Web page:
Updating pedagogy for the mobile phone era

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I had some unanticipated teaching challenges last spring, when I was teaching a couple sections of an intro-level organismal biology lab. I was befuddled, because on the lab reports, students were getting some straightforward questions wrong. Remarkably wrong in an unexpected manner, nearly all with the same wrong answer.

This might sound like a red flag for a situation where students were not doing the work on their own. But that’s not what was going on. I was in the lab when they were working, and my students were clearly spending time at the various lab stations, putting in diligent time.

What made this situation weirder is that I wrote most of these labs myself, when I joined the department 11 years ago. For a little while, I taught this lab on the regular, but I think it had been at least eight years. When I taught the lab earlier, students were definitely not getting this kind of wrong answer that they were getting now. So what had changed? Me as an instructor? The way the lab was set up? The student population? What they’ve been getting in the lecture course? It wasn’t clear to me, until it was.

What changed was cell phones. When I last taught this lab, shortly after the start of the Obama administration, it wasn’t entirely routine for students to whip out their phones to look up information. I designed the lab for students to consult materials, with some self-directed inquiry, to be able to answer the questions. The lab provided context, of course, but I wanted them to use  textbooks and other available reference material, to piece things together. I thought it worked rather well. Students were compelled to think critically about some concepts and had to seek out new information to answer the question being posed. That’s good, right?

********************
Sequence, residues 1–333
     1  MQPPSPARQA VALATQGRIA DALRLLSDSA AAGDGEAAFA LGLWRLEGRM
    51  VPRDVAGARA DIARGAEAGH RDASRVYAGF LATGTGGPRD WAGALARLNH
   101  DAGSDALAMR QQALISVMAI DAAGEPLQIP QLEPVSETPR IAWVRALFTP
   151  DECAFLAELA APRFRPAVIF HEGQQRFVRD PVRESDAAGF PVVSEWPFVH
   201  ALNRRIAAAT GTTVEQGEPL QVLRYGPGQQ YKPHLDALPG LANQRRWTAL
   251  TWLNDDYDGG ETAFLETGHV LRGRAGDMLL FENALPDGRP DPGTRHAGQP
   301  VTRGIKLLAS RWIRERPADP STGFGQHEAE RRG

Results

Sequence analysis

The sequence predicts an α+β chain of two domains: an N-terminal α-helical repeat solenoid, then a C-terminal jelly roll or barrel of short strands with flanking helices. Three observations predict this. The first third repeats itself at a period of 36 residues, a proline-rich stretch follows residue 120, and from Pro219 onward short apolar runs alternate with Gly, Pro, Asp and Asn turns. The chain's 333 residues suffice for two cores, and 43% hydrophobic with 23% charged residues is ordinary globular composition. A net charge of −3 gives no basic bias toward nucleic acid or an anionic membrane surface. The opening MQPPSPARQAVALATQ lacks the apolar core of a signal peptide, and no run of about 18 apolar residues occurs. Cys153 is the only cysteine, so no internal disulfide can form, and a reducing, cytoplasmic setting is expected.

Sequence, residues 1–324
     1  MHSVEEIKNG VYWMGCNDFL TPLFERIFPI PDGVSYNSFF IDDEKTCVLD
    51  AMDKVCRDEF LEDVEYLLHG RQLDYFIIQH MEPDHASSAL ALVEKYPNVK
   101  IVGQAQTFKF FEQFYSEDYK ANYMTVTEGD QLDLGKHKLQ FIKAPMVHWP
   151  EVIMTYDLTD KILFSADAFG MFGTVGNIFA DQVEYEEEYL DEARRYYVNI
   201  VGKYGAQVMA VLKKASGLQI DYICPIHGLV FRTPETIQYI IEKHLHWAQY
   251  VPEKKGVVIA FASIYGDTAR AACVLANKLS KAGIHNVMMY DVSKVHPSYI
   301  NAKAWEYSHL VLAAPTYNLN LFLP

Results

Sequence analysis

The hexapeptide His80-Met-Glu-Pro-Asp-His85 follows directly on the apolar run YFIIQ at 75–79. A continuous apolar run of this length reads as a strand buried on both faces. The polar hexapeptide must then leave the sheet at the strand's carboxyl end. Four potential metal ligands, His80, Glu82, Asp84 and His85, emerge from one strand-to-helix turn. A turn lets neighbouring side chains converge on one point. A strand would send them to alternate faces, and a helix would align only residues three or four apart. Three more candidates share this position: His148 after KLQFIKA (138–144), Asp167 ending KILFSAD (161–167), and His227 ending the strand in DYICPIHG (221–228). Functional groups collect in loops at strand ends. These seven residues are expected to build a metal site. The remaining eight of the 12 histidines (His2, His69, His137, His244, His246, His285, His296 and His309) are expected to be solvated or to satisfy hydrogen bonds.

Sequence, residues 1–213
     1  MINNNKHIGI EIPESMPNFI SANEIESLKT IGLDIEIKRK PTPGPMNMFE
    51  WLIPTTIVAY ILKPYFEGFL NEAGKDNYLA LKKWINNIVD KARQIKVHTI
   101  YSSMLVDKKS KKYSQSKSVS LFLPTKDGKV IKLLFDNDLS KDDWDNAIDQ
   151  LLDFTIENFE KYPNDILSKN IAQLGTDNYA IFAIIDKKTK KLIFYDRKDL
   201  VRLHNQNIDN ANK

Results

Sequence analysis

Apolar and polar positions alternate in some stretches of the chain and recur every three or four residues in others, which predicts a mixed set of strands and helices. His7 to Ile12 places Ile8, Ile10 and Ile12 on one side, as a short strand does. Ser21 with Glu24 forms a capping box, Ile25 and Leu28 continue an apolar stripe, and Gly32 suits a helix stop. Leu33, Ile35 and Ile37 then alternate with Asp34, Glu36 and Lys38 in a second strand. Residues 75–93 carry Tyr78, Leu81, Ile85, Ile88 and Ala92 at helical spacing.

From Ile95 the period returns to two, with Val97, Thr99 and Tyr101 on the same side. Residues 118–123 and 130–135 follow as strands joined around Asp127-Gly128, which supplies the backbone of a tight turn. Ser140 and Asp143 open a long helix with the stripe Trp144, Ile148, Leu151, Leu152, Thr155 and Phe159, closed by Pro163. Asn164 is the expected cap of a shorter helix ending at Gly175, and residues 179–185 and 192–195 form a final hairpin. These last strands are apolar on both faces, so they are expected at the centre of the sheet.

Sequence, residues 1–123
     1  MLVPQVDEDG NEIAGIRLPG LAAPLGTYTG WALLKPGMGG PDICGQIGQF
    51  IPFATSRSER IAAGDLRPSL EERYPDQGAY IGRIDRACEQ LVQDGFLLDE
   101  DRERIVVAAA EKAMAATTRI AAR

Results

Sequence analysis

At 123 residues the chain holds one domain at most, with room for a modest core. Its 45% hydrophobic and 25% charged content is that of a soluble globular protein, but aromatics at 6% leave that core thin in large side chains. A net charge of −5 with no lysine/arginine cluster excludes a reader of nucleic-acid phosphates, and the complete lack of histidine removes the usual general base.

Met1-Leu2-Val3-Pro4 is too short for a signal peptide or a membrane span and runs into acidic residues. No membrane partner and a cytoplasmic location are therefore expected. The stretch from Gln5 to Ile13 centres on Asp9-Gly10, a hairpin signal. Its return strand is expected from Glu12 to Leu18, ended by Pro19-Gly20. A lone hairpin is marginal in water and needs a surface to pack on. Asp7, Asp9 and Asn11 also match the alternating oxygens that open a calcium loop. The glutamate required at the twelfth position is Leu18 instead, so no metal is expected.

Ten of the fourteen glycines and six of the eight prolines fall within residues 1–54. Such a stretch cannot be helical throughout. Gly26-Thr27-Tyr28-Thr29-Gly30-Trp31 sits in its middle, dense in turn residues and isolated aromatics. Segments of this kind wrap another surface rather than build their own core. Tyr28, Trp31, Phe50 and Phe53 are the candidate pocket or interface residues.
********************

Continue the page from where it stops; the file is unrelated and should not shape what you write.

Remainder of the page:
Last semester, students were doing the same thing I expected them to do — they were looking up information and using this to write their lab reports. This is a thing I liked! and I still like! I even tweeted about it from lab!

Here’s the rub: students converged on the same wrong answers because they were feeding the same questions into google and not thinking critically about the answers they got. Does this mean that I should ban cell phones from the lab? Hell no! For me, it means two things: